Resellers have a tremendous opportunity to help customers implement systems that will enable them to tell if their wireless networking security measures are breached it emerged today following the release of an independent survey, carried out for SonicWALL.
Despite the fact that 70 per cent of British organisations are either already using or planning to use wireless connectivity as part of everyday business less than half (44 per cent) have ever had their WLANs audited. Tellingly over a third of respondents (38 per cent) admitted they would have no idea if their wireless networks were breached.
The study of wireless networking issues and attitudes in the UK involved interviews with directors and senior IT managers at more than 400 businesses. By far the majority of participants (47 per cent) represented enterprises with 1000 plus PCs, small-to-medium sized businesses (101 to 999 PCs) made up 39 per cent of respondents while small business accounted for the remainder.
Some of the more interesting statistics to emerge from a reseller perspective include the fact that a proportion of firms see no requirement for wireless networking (13 per cent) while others are unclear about the technologys benefits (16 per cent). With a quarter of firms rating wireless as a top 5 technology issue affecting their company and a further 30 percent ranking it in their top ten there is clearly still plenty of opportunity left for resellers to sell wireless solutions.
Asked who benefits most from WLAN access, nearly three quarters of respondents (72 per cent) said it was employees through improved access to the Internet and corporate LAN. Other suggested benefits included departmental specific functions (stock taking, order entry and so on) and Internet access for visitors. Each of these polled votes from around a third (29 per cent) of participants.
Security is still the single biggest fear factor with wireless technology. More than three quarters (77 per cent) of firms cited it as a key concern although management (30 per cent) and cost (24 per cent) also ranked in the top three worries. Interestingly less than one fifth (16 per cent) failed to see any benefit from wireless compared with more than 30 per cent in a similar SonicWALL-backed survey published a year ago.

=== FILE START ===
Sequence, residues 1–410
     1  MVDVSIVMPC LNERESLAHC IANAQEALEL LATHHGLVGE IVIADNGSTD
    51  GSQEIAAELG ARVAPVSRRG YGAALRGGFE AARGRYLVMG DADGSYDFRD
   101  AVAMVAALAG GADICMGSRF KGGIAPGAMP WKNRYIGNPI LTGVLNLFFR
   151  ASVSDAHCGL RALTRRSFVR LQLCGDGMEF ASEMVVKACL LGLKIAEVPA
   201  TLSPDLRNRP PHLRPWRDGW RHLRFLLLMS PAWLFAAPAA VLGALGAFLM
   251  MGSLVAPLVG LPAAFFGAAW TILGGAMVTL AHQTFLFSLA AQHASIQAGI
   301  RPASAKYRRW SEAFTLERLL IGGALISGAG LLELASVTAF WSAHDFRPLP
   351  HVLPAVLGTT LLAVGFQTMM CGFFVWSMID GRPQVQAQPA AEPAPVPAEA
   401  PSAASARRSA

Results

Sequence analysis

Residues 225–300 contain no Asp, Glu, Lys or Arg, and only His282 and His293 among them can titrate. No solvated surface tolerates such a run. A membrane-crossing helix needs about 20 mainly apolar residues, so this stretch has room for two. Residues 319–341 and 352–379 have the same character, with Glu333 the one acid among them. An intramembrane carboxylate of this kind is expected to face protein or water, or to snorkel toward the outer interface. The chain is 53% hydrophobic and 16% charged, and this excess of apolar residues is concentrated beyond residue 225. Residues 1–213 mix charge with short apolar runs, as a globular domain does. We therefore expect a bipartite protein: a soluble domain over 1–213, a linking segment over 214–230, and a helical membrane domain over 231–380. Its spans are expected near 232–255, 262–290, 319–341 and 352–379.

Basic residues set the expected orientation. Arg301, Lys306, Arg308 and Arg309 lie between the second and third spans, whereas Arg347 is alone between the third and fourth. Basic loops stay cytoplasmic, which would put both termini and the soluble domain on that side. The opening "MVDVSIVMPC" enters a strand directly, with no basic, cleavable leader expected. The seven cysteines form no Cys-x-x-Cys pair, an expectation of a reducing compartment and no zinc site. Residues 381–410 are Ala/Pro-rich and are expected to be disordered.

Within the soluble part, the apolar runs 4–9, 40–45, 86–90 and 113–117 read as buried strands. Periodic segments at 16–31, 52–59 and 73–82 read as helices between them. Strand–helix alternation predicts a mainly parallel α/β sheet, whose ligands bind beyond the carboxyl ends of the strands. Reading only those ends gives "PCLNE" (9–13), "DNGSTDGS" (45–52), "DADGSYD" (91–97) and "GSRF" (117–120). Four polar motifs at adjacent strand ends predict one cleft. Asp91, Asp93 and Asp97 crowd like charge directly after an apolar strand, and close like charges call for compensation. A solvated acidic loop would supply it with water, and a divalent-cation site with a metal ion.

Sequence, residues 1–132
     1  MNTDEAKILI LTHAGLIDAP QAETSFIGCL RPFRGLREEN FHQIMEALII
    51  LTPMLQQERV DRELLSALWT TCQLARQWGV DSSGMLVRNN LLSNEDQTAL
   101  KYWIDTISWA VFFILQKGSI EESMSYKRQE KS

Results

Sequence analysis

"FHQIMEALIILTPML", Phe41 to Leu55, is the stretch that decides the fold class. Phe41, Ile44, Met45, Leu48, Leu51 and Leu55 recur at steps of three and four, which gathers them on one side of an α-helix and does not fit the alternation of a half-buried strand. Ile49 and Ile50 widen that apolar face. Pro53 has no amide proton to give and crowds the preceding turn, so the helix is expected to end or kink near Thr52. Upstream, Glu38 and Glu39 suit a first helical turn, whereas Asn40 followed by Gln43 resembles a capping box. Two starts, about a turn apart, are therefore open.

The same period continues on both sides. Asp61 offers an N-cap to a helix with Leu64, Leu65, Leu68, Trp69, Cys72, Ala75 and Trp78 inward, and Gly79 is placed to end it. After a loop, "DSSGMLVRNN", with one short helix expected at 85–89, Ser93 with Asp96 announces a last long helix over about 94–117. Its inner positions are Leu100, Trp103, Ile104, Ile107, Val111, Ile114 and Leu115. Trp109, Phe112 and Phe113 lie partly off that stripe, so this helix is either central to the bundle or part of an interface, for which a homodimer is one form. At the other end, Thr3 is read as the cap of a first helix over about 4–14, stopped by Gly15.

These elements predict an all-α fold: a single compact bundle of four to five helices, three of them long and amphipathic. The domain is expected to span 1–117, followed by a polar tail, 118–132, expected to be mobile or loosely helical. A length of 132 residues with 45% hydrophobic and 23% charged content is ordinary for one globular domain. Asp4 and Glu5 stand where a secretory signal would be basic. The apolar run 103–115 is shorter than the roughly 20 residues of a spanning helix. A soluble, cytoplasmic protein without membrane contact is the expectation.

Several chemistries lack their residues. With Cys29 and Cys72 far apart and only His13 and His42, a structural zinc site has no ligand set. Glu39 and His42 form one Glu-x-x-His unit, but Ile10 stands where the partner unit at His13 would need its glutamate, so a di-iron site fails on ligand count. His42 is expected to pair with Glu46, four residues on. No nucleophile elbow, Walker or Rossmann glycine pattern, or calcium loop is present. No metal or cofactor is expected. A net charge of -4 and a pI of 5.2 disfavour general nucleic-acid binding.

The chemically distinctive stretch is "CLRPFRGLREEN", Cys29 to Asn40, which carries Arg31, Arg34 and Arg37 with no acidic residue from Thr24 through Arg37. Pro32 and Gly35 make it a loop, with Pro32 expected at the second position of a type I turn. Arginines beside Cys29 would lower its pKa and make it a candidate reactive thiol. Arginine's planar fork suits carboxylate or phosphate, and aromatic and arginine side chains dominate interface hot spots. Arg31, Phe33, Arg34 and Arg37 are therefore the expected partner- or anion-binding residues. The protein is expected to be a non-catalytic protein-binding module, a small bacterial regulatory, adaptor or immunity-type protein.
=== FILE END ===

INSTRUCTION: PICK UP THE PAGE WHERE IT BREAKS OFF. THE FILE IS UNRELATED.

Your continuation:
Around half the survey participants have already deployed wireless local area networking (WLAN) while a further 20 per cent are considering implementing it in the coming 12 months. Almost two thirds of firms (64 per cent) named flexibility in their top three reasons for the increasing popularity of wireless networking. Other key motivating factors were productivity (37 per cent) and support for business change (33 per cent).
Asked to rank the primary requirements of a WLAN solution in order of importance just over one third (36 per cent) of participants rated seamless roaming as the top priority closely followed by single point of management (34 per cent). On the security side single point of management was rated even more important with almost half (46 per cent) of respondents ranking it as top priority followed by automated policy checking (34 per cent) and enforced IPSec Virtual Private Network (VPN) connectivity (31 per cent).
Revealingly VPN is at the forefront of remote access security, in use by 80 per cent of companies yet only 20 per cent use it for Wireless LAN access. Instead just under half of firms rely on the basic Wireless Encryption Privacy security standard and another 18 per cent use its successor Wireless Protected Access (WPA) in one form or another. This is a little surprising in view of their much publicised flaws.
Use of wireless LANs in the workplace has grown considerably in the last year as this survey shows, said Kevin Thiele, UK managing director for SonicWALL. Most customers have developed security policies for wireless but have yet to make that final link in the chain implementing a security solution with a single point of management that alerts you should a breach occur.
This is a great opportunity for resellers, he added. They must also help to educate the market about the dangers of relying on wireless protocols for security, especially when VPN is in widespread use and offers a much safer alternative.